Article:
At least 360,000 members of the U.S. military are living with a traumatic brain injury (TBI).1 Many experts suspect that this is a gross underestimate due to the facts that:
- TBIs are notoriously challenging to diagnose – Early symptoms can be generic and mistakenly attributed to other conditions.
- Troops are commonly reluctant to seek TBI diagnoses and treatments – Research from the Pentagon has revealed that about 60 percent of U.S. soldiers who are experiencing TBI symptoms refuse to seek medical attention. This reluctance tends to arise from a fear of being treated differently by unit leaders or a fear of not being able to secure jobs in law enforcement after their military career.2
While the precise number of TBI survivors in the military remains elusive, one fact is certain: Troops are at a far greater risk of sustaining TBIs, when compared to civilians.
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Top 4 Reasons Why Military Members Have a Higher Risk of TBI
- Demographics – All branches of the U.S. military are largely made up of young males, most of whom are 18 to 24 years old. According to the Centers for Disease Control & Prevention (CDC), this is one of the highest-risk demographics for TBIs.
- Training & Operational Activities – These activities can be as physically demanding as they can be risky. From boot camp drills, weapons exercises, and combat, military members are regularly involved in aggressive, high-contact activities that put them at a high risk of head and brain injuries.
- Exposure to Blasts – When deployed, troops can be exposed to blasts that can cause TBIs. Land mines, improvised explosive devices (IEDs), grenades, and mortar rounds are just some of the types of blasts that deployed troops can experience. These can damage the brain far more extensively than, say, a car accident or sports injuries, because troops exposed to blasts experience the impact and the blast (as opposed to just the impact). One study found that about 80 percent of TBIs diagnosed in troops were caused by blasts (and other non-combat-related activities).3
- Multiple Deployments – Since 2001, at least half of the troops deployed to Iraq and Afghanistan have been deployed more than once.4 The more members of the military are exposed to combat and blasts, the more likely they are to suffer TBIs. Some research has even indicated that multiple deployments can increase troops’ risk of severe mental health outcomes by as much as 300 percent.5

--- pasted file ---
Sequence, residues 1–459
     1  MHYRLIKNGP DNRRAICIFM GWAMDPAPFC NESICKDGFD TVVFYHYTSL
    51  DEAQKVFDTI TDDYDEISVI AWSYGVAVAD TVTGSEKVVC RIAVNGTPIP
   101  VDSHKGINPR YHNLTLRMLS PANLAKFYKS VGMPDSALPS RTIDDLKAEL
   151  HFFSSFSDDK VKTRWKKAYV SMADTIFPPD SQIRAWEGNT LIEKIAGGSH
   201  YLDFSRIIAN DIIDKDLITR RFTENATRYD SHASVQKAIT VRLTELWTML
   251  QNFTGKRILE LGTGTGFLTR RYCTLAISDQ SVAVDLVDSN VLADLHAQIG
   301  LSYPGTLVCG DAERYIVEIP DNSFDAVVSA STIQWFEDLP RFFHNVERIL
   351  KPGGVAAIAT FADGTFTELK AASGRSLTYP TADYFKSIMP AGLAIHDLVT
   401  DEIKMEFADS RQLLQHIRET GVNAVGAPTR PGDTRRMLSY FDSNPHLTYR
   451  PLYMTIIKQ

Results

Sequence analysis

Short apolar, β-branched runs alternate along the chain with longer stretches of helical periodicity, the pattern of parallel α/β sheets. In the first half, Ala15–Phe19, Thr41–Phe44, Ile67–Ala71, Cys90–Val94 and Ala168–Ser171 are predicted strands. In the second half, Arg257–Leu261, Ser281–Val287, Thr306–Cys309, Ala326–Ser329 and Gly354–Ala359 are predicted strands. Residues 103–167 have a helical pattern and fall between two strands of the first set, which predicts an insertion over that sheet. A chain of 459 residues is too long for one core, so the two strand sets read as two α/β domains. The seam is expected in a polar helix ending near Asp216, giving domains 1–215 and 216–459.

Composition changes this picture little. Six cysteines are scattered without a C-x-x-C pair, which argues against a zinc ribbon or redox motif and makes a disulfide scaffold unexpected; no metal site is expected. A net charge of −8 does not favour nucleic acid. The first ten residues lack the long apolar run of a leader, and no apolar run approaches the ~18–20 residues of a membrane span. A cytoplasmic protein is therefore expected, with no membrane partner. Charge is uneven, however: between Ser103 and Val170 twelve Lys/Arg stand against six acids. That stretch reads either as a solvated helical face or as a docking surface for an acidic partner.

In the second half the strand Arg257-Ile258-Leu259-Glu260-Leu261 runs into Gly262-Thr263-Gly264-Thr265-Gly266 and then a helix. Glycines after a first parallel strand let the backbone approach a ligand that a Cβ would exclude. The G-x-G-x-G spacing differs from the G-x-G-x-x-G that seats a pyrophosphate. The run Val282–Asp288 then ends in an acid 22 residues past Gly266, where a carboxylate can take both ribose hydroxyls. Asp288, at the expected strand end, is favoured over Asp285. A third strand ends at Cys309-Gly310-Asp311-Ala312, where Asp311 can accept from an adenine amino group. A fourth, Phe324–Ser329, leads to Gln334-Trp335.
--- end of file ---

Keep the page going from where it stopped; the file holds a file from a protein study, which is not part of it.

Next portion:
What’s Being Done to Address Troops’ High Risk of TBIs?
Brain experts, military personnel and federal authorities have taken action to try to mitigate the risks and impacts of TBIs that troops face. Some of the steps that have been taken include:
- New TBI screenings – A Congressional mandate requires that all military members returning from deployment be screened for traumatic brain injury.
- New policy for treating TBIs – A policy issued by the Pentagon requires a mandatory 24-hour rest period for those who have been exposed to a blast and who have sustained at least three concussions. This policy also mandates a complete neurological assessment following the rest period.
While the efforts to promptly diagnose and treat TBIs in troops continue, it’s important for members of the military, their families and all TBI survivors to be aware that:
- There may be legal options for pursuing financial recovery after a TBI diagnosis.
- Financial recoveries for TBIs can be important to pursuing all necessary treatments and improving the quality of life for TBI survivors.
Diagnosed with a TBI? Contact a Houston Brain Injury Lawyer at the Amaro Law Firm
If you or a loved one has been diagnosed with a TBI, you may have legal options for pursuing financial recovery. You can find out more about these options by contacting a Houston brain injury lawyer at the Amaro Law.
Call (877) 892-2797 or email us to schedule a free consultation. We are ready to answer your questions and explain your options for proceeding with a potential claim. We are also ready to provide you with aggressive, effective advocacy to position your claim for the maximum possible recovery.
1: According to the Brain Injury Association of America (BIAA)
2: Pentagon research featured in a TBI exposé.
3: According to BrainLine
4: According to Brown University
5: According to a 2009 study published in the American Journal of Public Health
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